The band Crazy Pineapple is playing tonight. Now, Crazy Pineapple is a youthful quartet (all 18 and under), who play a brand of punk-infused music – harsh speed and angst-riddled lyrics. The crowd that faces them tonight are in the 35-55 age bracket, contently shooting pool and listening to the beloved Charlie Daniels over the house stereo. These are the people who are responsible for their children, paying taxes, and saving for retirement. And probably listening to any investment advice Charlie Daniels would offer.

My first thought is that they will get absolutely zero reception from this crowd (my deduction of Mensa-like proportions), and possibly have pool balls heaved at them from short distances. There is a man sitting directly in front of the band, at the first table, and he looks like Art Carney, only moments before he died. How can these kids get pumped for the potential disaster that will certainly befall them?

Besides, this is only Crazy Pineapple’s second show. They need encouragement and support from an adoring, supportive crowd, right? These are just innocent kids, whose egos and confidence are fragile and under development and…

…they walk in, survey the crowd, and smile. An evil, bloodthirsty smile. After they setup, still smiling, they decide to modify the set a little bit by opening with a very brief acoustic instrumental. This is done on purpose, mind you, to set an expectation that they wish to contradict. No, make that destroy.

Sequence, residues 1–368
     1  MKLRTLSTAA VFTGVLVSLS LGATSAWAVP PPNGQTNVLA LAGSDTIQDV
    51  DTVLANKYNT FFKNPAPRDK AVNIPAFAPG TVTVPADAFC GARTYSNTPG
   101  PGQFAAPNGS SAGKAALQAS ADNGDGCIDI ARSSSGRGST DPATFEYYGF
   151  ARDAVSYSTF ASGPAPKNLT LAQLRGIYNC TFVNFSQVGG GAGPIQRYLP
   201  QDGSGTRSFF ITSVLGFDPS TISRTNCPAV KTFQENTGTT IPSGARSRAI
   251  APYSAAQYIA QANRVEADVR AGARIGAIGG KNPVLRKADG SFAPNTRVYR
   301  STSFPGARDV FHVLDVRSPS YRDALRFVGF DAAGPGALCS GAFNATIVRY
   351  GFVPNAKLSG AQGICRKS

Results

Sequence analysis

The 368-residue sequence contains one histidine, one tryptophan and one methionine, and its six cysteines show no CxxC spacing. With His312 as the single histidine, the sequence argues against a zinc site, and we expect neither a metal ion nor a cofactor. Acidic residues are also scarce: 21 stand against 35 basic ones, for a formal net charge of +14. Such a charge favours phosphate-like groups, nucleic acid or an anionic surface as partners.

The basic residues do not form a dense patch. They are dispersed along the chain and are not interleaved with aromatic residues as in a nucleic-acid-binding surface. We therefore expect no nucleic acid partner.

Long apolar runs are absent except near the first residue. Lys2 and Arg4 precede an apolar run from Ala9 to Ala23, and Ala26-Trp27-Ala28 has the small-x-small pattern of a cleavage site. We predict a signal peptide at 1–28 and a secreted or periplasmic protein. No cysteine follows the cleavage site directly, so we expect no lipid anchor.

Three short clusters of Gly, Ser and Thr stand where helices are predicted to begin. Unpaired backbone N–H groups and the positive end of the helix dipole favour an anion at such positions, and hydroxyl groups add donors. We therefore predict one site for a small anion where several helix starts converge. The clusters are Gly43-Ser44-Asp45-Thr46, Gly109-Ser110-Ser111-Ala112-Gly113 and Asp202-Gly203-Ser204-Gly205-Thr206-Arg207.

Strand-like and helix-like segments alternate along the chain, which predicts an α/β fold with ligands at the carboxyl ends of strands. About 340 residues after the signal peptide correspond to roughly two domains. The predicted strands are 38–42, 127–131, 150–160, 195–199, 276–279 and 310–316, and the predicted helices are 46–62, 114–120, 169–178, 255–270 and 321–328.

This, I decide, is very punk rock.

After the faux intro, the distortion is tripped, and they ramble headlong into their first song. They are not dismayed by the challenge in front of them; no, they don’t see any chance of converting this crowd. Instead, they play in defiance. They know they will be despised. They know they will annoy the bejeezus out of them, disrupting their games, angering them with their indifference. And this motivates them. To legendary levels.

I am smiling as singer Alison screams “you are my favorite fucking liiiii-arrrrrrrrrrr!”

The place is bewildered. Games come to a complete halt. As the first song closes, Art Carney gets up and says “no more!” The retort he gets is the band launching into “Garbage Disposal,” a vicious 75-second rant pinning the speedometer. This is probably their least-accessible song for the masses, and they put it in the number two spot. How punk rock is that?